Having recently lost her sight, Ingrid retreats to the safety of her home—a place where she can feel in control, alone with her husband and her thoughts. After a while, Ingrid starts to feel the presence of her husband in the flat when he is supposed to be at work. At the same time, her lonely neighbor who has grown tired of even the most extreme pornography shifts his attention to a woman across the street. Ingrid knows about this but her real problems lie within, not beyond the walls of her apartment, and her deepest fears and repressed fantasies soon take over.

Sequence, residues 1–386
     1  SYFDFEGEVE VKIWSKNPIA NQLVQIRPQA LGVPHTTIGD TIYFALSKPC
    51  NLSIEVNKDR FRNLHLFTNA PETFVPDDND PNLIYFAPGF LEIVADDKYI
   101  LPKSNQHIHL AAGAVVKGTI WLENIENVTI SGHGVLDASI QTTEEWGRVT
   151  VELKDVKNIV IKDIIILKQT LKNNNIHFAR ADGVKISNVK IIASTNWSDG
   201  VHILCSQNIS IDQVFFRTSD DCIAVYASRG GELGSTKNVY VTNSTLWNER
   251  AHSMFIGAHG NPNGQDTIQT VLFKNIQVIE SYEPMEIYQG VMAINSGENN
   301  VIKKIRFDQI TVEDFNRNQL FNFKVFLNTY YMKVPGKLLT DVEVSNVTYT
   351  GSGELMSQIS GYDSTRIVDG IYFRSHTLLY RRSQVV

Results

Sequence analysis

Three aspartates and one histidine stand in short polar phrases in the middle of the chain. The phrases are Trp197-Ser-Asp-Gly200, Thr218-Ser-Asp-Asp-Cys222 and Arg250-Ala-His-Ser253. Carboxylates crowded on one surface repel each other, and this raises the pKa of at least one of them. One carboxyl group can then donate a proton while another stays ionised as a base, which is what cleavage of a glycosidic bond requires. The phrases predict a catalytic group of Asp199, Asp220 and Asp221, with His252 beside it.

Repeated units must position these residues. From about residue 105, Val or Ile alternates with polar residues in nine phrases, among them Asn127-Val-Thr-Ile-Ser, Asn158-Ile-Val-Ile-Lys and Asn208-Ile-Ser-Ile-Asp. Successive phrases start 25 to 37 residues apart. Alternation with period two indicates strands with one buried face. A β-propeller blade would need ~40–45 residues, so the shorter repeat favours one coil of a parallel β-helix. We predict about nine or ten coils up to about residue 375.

A big new home, a lovely wife and a new job seem to steer Henrik firmly towards the middle age and a bourgeois lifestyle. There is, however, a substantial amount of boyish prankster still in him – sometimes a little bit too much. Director Martin Lund’s understated, offbeat humour often evokes Bent Hamer’s delightful studies of lone males (O’Horten, Kitchen Stories)